Some notes here about the difference between light frame and heavy timber construction.
Obviously, we’ve already covered that there are minimum sizes to qualify for the timber members to be heavy timber construction. But aside from the size of the individual pieces, note the spacing on our columns and our beams.
These illustrations are not great for scale but timber structures not only have bigger individual pieces, they’re also spaced out at much greater distances than we use in light-frame construction. Fundamentally, the big difference between light frame and heavy timber construction is that we're using less pieces that are significantly larger when we're in heavy timber construction.
Eventually, at the bottom of the posts or the columns if you will, we have a foundation wall and we have a footer below the foundation wall that transfers the weight down to the soil.
Now this is just one arrangement for heavy timber construction and our roofs aren't necessarily always peaked like this
But what about the term, Mass Timber? We've heard it. It's relatively new. Is it different than heavy timber? Well, yeah, it is.
Heavy Timber Construction is the traditional construction method that’s been used for centuries. The individual wood members are historically heavy sawn (or which is just a single piece of cut wood). Heavy Timber also traditionally uses tongue and groove decking.
Now Heavy Timber could use glue-laminated beams or could use glue-laminated roof decks (which glues layers of dimensional lumber together), but the distinction between Heavy Timber and Mass Timber for our purposes really doesn’t matter so much. They’re both similar styles. Mass timber is more or less just an evolution of what we've had with heavy timber construction.
Now in general, Mass Timber Construction makes wider use of laminated wood members. It uses dimensional 2x, which is, you know, 2x4, 2x6 wood members that are laminated together. Sometimes in new ways. Some newer engineering lamination techniques include NLT (nail-laminated timber) or CLT (cross-laminated timber), among some others.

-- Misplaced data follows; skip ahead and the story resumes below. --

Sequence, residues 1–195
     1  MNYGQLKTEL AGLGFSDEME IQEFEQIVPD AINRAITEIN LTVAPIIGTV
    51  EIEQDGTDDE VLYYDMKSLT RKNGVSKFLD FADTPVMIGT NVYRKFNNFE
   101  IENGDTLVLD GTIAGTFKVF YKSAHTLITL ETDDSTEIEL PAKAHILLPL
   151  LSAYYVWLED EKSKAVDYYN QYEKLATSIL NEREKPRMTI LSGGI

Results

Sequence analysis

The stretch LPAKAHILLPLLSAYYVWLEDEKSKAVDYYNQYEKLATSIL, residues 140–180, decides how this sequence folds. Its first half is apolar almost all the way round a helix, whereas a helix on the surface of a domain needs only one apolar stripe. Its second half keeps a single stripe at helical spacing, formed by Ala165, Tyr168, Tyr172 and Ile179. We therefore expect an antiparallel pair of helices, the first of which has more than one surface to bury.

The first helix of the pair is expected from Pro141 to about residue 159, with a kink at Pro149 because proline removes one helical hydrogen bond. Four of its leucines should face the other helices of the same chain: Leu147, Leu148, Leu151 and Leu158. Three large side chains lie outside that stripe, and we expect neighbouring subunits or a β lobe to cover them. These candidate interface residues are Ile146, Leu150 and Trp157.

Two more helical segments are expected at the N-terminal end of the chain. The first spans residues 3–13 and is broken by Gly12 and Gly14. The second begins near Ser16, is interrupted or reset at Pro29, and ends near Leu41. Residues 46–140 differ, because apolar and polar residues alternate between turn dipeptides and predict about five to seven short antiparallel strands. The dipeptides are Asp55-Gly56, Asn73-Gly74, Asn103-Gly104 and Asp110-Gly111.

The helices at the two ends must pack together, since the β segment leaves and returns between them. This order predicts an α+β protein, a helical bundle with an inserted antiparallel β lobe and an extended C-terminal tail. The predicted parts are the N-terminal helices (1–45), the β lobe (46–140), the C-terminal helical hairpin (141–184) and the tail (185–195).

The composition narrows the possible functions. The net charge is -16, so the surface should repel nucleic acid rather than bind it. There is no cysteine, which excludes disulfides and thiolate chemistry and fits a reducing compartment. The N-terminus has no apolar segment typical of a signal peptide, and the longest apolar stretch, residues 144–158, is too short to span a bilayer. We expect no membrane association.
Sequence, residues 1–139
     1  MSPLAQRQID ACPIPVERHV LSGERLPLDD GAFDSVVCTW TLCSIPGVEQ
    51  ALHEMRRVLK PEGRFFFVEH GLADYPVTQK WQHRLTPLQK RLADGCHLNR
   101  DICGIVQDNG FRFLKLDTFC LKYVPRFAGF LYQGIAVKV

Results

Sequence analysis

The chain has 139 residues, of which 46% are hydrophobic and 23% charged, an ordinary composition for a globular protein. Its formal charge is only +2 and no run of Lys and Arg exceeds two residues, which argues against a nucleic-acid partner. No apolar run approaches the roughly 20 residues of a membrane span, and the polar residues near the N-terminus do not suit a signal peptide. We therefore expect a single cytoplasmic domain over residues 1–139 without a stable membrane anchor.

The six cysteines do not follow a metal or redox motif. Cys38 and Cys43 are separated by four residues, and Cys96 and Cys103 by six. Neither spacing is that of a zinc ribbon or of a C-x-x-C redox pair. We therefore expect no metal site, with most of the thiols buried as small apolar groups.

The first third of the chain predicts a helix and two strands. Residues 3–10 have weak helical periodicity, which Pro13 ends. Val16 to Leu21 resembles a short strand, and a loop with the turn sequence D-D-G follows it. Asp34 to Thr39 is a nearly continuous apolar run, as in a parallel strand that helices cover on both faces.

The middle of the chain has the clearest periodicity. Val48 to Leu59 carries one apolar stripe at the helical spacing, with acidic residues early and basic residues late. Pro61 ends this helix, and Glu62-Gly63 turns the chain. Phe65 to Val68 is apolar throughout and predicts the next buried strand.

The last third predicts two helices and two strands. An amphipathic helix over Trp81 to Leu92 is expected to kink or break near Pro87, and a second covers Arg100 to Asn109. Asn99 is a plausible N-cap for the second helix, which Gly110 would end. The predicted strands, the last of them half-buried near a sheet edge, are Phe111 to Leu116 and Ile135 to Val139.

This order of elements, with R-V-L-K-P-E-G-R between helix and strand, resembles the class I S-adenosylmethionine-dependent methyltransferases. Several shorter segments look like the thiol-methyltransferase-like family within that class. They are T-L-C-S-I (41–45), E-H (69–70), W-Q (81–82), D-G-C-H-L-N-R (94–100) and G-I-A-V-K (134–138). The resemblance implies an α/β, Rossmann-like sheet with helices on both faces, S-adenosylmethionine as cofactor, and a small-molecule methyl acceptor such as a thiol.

WHAT IS MASS TIMBER?
Mass Timber Construction is billed as a new way of construction. It’s environmentally friendly (it produces far less carbon than steel or concrete), it can produce less waste, can be cost-effective, and has earthquake-resistance properties due to the ductile nature of wood where it can bend-but-not-break in a seismic event.
Now the downsides to Mass Timber Construction includes concerns about deforestation and our need to replenish those harvested forests, and our favorite as we identified earlier; combustibility. We need to make sure that we're constructing these buildings in a manner that is still resistive to fire.
WHAT’S THE DIFFERENCE?
So, what makes a mass timber construction different than heavy timber?
Well, much of the fundamental concepts between the two are the same. We have thick wood structural members that have some inherent fire resistance due to their size, use of wood for the main structural frame, and a few other things. But the real concept for mass timber is to use newer laminating techniques for building occupancies that traditionally have not used wood and to use them for building heights that have traditionally not used wood, including high rises.
So when we say mass timber, we tend to think of the new buildings, the new high rises, the new office towers or apartment complexes that are cropping up more and more today. These are the tall buildings that use large, laminated lumber for floor panels, beams, and posts. Much of the descriptors are exactly the same as heavy timber, but they're just used for a different end result.
So, to wrap this one up today, heavy timber and mass timber construction are squarely etched in our fire protection tradition. Use of large, thick wood structural members that can tolerate char along the outside during a fire event provide some inherent fire resistance, they can tolerate high temperatures, and they provide structural stability during a fire.
This tradition of heavy timber construction has evolved with some relatively recent innovations in how we create large wood panels and posts and beams to create modern-day mass timber construction.
Now for sloped roofs, we often find timber roof panels, purlins, rafters, posts, girts, and the foundation.
For level roofs, we have roof panels, floor panels, beams, posts, and the foundation.
That’s about it for this one.
I’m Joe Meyer, this is MeyerFire University.